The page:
Here at Absolute Dental, Manchester we treat all injuries to the mouth. This includes teeth that have been knocked out (avulsed), forced out of position (extruded) or broken entirely. Oral injuries such as broken teeth can be very painful and you should visit us here at Absolute Dental, Prestwich, Manchester as soon as possible.
When a tooth has been knocked out you should;
1. Make a call to us here at Absolute Dental, Prestwich, Manchester as soon as possible and request an emergency appointment.
2. Attempt to find the tooth.
3. Gently rinse the tooth to remove dirt or debris.
4. Place the clean tooth in your mouth between the cheek and gum. â Please do not try and put the tooth back into the socket, this could cause further damage.
5. If you are unable to store the tooth in the mouth i.e. a young child then wrap the tooth in a clean cloth or gauze and immerse in milk.
6. Try and get to us here at Absolute Dental, Manchester as soon as possible. If you can get here within half an hour of the injury then, it maybe possible to re-implant the tooth.
If the tooth has been pushed out of place then it should be repositioned into its normal alignments with a very light amount of pressure applied by a finger. Please try and avoid using force.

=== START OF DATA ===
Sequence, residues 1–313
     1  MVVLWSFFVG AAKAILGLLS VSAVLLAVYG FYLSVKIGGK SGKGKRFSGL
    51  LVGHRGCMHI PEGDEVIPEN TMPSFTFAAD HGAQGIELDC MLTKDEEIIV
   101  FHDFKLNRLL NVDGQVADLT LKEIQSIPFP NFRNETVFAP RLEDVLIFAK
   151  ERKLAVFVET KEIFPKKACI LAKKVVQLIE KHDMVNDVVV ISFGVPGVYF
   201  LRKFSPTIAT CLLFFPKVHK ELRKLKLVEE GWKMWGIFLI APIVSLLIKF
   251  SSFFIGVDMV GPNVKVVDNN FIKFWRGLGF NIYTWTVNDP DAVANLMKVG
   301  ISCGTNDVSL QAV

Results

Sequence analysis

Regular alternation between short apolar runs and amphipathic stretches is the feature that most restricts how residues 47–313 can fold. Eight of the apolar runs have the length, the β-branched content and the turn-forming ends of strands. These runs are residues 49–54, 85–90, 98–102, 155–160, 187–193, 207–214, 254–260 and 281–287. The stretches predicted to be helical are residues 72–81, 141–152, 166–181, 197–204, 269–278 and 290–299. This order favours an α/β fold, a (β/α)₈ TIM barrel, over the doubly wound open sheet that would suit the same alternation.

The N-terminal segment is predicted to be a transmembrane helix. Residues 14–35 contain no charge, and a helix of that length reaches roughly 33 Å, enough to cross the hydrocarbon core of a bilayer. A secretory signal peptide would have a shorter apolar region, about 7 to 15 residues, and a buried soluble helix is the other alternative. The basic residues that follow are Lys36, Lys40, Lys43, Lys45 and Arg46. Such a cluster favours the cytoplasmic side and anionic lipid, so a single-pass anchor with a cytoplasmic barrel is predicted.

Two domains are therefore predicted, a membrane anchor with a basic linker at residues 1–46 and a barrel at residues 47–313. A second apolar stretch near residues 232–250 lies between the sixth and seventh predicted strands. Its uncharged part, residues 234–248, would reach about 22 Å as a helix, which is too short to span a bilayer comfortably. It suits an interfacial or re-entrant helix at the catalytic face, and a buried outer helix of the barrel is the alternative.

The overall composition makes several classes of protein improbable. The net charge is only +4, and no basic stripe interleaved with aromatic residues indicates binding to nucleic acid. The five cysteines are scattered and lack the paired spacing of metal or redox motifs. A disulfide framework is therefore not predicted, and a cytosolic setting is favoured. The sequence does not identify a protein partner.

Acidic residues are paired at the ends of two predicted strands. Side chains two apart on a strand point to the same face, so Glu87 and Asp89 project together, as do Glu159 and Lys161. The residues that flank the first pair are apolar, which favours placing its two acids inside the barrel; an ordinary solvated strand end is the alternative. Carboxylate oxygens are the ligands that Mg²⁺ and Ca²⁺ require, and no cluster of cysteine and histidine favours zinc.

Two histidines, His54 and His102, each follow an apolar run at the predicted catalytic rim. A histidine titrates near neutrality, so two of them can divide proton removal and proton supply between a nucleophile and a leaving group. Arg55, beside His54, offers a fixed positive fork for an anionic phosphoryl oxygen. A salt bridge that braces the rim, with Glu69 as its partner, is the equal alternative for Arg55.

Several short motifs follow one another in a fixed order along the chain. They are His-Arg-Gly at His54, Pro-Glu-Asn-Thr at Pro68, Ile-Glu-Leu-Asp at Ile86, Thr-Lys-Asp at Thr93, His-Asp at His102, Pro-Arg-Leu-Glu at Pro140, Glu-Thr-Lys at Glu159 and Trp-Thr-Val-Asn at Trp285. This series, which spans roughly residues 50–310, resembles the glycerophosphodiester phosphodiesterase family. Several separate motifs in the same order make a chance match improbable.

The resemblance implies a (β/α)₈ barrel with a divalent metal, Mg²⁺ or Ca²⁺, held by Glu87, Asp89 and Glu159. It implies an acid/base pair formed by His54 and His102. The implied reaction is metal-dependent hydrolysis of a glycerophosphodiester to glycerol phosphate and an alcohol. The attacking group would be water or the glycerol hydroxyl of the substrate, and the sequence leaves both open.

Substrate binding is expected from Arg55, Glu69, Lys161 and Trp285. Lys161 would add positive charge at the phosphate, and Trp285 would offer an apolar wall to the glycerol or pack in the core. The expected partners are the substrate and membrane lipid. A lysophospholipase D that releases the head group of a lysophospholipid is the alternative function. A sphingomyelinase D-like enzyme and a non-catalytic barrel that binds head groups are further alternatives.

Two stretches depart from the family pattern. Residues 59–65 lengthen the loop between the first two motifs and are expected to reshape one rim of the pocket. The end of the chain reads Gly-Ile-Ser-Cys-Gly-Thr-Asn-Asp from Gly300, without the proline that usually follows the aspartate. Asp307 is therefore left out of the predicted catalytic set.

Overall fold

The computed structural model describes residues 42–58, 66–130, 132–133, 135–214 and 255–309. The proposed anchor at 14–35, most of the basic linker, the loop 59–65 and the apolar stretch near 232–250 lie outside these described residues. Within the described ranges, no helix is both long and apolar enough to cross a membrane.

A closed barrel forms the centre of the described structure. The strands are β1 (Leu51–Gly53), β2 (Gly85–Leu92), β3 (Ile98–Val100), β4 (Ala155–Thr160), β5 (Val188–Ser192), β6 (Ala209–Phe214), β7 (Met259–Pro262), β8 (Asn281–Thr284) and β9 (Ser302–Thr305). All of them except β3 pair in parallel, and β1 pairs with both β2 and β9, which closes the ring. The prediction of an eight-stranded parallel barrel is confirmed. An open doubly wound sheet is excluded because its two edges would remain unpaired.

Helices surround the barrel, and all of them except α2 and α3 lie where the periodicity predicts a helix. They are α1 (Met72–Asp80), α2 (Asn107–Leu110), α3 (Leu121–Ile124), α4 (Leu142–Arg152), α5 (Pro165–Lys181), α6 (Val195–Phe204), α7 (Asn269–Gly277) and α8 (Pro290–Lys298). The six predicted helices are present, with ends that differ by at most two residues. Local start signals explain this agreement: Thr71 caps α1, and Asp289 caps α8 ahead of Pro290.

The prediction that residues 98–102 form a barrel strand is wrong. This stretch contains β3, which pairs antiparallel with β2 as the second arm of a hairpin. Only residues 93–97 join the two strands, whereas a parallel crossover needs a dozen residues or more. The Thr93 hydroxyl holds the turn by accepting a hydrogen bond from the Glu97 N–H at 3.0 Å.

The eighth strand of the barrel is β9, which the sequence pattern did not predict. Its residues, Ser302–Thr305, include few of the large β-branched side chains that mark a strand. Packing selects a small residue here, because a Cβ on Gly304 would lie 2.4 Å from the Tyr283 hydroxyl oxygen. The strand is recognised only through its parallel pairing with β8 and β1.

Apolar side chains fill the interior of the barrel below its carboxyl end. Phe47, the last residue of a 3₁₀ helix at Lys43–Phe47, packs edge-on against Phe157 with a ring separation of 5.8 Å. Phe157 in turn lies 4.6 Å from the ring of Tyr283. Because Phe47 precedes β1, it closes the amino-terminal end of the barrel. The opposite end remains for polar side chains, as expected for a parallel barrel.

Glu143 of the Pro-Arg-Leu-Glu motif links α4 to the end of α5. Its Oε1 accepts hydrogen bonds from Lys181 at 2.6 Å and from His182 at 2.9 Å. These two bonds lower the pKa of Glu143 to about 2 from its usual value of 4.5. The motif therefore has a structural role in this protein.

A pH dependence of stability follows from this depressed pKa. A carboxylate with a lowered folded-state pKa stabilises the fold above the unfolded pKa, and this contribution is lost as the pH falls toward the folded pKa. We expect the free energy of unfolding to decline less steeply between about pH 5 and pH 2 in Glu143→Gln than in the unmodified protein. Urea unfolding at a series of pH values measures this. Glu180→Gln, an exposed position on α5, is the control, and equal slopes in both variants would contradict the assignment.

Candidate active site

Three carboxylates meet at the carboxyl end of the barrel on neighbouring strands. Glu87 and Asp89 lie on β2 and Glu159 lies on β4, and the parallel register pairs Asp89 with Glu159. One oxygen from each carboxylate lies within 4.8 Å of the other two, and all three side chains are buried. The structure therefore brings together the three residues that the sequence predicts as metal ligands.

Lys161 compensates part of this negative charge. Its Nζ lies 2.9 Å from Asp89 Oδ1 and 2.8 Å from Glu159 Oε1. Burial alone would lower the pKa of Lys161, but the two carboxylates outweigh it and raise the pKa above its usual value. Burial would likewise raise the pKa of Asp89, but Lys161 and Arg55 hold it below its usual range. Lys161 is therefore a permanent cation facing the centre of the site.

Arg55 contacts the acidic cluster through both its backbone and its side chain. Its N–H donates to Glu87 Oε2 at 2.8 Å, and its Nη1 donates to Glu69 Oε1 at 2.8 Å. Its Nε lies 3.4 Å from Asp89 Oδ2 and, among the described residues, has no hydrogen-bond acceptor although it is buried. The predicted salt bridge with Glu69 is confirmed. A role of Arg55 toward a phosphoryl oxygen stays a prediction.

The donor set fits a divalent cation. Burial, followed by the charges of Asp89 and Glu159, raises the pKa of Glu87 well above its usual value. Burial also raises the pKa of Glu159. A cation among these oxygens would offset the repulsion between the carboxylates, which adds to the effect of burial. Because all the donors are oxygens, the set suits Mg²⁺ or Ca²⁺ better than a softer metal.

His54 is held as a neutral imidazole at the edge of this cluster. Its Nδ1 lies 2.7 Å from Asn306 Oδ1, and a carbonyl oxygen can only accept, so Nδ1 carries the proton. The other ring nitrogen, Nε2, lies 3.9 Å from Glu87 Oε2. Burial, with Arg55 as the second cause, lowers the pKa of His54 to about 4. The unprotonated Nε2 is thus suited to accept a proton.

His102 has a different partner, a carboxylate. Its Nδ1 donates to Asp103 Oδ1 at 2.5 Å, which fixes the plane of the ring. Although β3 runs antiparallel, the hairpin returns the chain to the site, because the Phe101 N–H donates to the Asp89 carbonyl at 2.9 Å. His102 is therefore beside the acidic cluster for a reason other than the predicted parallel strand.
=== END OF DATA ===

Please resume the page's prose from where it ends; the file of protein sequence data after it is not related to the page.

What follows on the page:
Hold the tooth in place with a moist tissue or gauze. Again it is vital that you visit us here at Absolute Dental, Manchester within half an hour of the injury occurring.
How we go onto treat the fractured tooth here at Absolute Dental, Manchester will depend on how badly it has been broken. Regardless of the damage, here at Absolute Dental Manchester weâre always sure to select the best course of treatment.
Minor fractures can be covered here at Absolute Dental Manchester; if we deem the fracture to be more than minor then we may choose to restore the tooth with a complete restoration.
A moderate fracture includes damage to the enamel, dentin, and / or pulp. If the pulp is not permanently damaged then the tooth maybe restored here at Absolute Dental Manchester with a full permanent crown. If damage to the pulp does occur further then more dental treatment is likely to be required.
Severe fractures often mean a traumatiSed tooth with a slim chance of recovery. Injuries to the inside of the mouth include tears; puncture wounds and lacerations to the cheek, lips or tongue. The wound should be cleaned right away and the injured person taken to the emergency room for the necessary suturing and wound repair.
Bleeding from a tongue laceration can be reduced by pulling the tongue forward and using gauze to place pressure on the wound area